When I want something tasty and quick, I almost always turn to one of these scrumptious Japanese shrimp recipes.
Do you have a favorite way to cook shrimp? I’ve been loving this mango and shrimp Thai red curry recently.
If you like your seafood with a kick, I can’t recommend shrimp Okonomiyaki enough.
It’s the perfect balance of flavors and textures, and I like it with lots of Sriracha on top.
But if you want crispy, you have to try the super simple shrimp tempura.
Which is your favorite? Let me know!
Tempura is set apart from other deep-fried food, thanks to the lovely light and crisp batter.
Always start with cold ingredients, and remember that you’ll only need three: water, eggs, and flour. Also, only make the batter when you’re ready to cook.
You want to dip the shrimp and get them in the oil right away while everything is still cold.
This lovely meal is crazy-easy to make and packed with excellent texture.
It starts with an easy stir-fry, adding color and caramelization to the ingredients. Then, everything gets cooked in an incredible sticky-sweet sauce.
Depending on how large you cut the potatoes, you’ll want to double-check that they’re tender before adding the shrimp. Otherwise, they’ll turn rubbery.
Since this has potatoes in the mix, you could eat it as is. But if you want something more filling, serve it on a bed of steamed rice.
If you’re looking for something light, bright, and portable, this shrimp and broccoli salad is for you.
Not only is it effortless to make, but it gets better the longer it sits. So, make it the day before, and by lunchtime the following day, it will be at its best.
The meaty shrimp and crunchy veggies pair perfectly with the hard-boiled eggs and creamy Japanese mayo dressing.
The only thing missing (in my opinion) is some bacon bits crumbled over the top.
I love noodle recipes, but I have to admit that I was skeptical of this one at first. Would I like cold noodles?
It turns out, yes! I love cold noodles.
It’s such a delightful change to the standard noodle dishes you see, and it’s nice and light. And since it’s cold, you can really taste the shrimp, which I just love.
Plus, the pickled cucumbers are to die for.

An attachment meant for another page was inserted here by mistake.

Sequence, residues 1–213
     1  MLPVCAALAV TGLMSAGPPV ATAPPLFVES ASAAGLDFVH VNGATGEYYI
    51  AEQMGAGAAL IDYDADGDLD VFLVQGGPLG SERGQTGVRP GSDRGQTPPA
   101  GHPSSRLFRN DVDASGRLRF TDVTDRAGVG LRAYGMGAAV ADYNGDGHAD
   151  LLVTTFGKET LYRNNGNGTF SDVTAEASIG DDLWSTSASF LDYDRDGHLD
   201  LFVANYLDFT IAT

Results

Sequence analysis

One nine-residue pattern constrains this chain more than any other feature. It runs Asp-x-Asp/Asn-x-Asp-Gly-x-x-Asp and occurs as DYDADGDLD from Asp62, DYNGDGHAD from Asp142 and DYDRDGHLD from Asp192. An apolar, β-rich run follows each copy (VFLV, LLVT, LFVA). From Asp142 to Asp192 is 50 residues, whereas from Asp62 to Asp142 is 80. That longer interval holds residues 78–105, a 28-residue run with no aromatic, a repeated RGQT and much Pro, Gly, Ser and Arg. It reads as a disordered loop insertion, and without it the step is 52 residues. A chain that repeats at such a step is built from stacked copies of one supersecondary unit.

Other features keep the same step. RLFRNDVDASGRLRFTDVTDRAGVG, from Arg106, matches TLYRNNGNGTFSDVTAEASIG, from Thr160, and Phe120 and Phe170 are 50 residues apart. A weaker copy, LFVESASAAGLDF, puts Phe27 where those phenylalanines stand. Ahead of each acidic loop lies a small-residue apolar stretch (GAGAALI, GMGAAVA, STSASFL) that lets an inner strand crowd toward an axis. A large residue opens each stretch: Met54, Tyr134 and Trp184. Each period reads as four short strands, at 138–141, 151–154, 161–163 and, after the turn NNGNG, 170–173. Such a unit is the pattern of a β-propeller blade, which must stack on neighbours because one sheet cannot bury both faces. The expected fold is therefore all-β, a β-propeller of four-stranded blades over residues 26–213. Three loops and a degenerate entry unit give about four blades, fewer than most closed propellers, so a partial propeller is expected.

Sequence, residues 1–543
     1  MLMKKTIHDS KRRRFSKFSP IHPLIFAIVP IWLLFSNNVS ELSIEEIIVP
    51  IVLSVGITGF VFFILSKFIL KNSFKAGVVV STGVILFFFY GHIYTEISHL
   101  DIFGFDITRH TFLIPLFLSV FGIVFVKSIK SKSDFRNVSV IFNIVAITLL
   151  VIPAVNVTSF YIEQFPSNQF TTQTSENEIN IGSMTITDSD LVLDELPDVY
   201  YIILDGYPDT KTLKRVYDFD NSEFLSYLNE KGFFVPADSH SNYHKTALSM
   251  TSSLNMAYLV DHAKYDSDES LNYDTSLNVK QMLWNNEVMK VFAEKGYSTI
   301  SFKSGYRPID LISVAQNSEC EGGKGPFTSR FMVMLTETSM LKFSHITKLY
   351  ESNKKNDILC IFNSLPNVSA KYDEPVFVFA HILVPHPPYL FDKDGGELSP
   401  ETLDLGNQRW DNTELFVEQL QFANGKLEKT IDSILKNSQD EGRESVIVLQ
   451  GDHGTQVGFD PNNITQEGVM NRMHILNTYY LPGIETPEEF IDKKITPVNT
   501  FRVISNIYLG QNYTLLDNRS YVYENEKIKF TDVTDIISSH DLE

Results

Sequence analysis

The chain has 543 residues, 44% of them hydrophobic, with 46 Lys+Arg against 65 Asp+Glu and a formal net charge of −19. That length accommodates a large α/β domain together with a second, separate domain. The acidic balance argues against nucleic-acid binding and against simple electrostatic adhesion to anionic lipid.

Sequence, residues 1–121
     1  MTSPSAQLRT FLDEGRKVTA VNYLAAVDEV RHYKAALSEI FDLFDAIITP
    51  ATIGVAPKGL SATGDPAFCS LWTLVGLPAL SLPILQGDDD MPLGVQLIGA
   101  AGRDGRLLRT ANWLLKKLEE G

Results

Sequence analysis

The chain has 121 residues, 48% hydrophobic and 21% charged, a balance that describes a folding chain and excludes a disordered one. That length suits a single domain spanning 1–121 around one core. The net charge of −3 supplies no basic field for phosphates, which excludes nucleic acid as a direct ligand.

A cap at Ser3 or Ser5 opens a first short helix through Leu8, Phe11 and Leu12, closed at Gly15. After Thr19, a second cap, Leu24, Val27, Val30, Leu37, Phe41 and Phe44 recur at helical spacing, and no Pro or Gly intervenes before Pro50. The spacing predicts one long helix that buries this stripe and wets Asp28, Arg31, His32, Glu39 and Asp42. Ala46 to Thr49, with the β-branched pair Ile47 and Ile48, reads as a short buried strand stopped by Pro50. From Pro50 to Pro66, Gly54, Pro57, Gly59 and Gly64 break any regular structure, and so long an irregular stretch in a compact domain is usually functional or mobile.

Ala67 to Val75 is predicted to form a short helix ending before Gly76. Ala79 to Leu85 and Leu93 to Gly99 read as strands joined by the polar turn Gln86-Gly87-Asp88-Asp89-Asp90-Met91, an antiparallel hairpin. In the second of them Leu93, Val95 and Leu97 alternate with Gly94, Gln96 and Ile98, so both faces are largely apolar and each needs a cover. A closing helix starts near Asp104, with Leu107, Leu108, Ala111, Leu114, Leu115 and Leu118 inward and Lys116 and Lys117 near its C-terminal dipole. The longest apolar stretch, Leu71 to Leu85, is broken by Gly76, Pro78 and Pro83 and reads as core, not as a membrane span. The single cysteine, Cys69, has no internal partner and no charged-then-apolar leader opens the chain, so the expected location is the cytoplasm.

Just keep in mind that the noodles may stick together if you leave them for too long.
One restaurant trick is to spray them lightly with cooking spray and toss them to coat before storing.
Burrito bowls are fantastic because you get all the same unique flavors without the added fat and carbs.
This shrimp sushi bowl is similar and much easier to make than a batch of California rolls.
Nestled on top of cooked white rice, you’ll find everything from crunchy carrots and cucumber to tender shrimp and little pops of pickled sushi ginger.
I once worked in a pretty well-known steakhouse, and one night for staff meal, the sous chef made a big batch of Okonomiyaki.
Needless to say, I was hooked after the first bite!
This wonderful savory pancake is typically loaded with cabbage and meat or seafood and then topped with plenty of yummy sauce.
In this case, you’ll add chunks of raw shrimp. Then, just mix everything into the batter and cook until crisp and golden.
This recipe works without the shrimp too! Keep it vegetarian-friendly, or go ahead and add chicken.
Miso paste is made using fermented soybeans, and it’s loaded with umami goodness. Add it to any dish, and you’ll get a noticeably savory flavor.
I think it works especially well with shrimp, which is why this recipe is a must-make.
The light sweetness of the seafood balances the salty savoriness of the miso. Plus, you’ll add a little ginger and Japanese sake to cut through it all.
Serve with steamed rice and crunchy broccoli. Or, better still, add some of the miso butter to a batch of stir-fried veggies and noodles.
Chawanmushi is a unique savory egg custard dish that’s often served as an appetizer. It can be hot or cold, and it’s full of rich broth, seafood, and veggies.
It might look impressive, but it’s actually crazy easy to make at home.
Once the custard mix is well blended, you just pour it over your choice of fillings and cook (covered) in a water bath.
Like crème brulée, the water ensures the custard cooks evenly and keeps the top from cracking.
Serve with extra veggies or maybe some of that miso shrimp from above.
Hibachi refers to the style of cooking, or rather, the actual heating appliance. They’re essentially cast iron grills and often have an open flame in the center.
Of course, we can get electric grills now, which means you don’t get that smokey flavor. That said, you can’t beat cast iron!
The even heat distribution ensures your shrimp cooks to perfection and gets a nice crust on the outside.
Serve it with a simple garlic and soy sauce and plenty of fried rice.
Yuzu kosho is a type of Japanese chili paste, and you’ll find it in most Asian supermarkets.
Made using fermented chili peppers and yuzu peel, it’s spicy, citrusy, and impossible to resist. Since yuzu is so hard to come by, this is the next best thing.
The great thing about using shrimp is that it will infuse with the marinade in just 10-15 minutes, and then it only needs a few minutes in a hot pan.
So from start to finish, this can be on the table in under 20 minutes.
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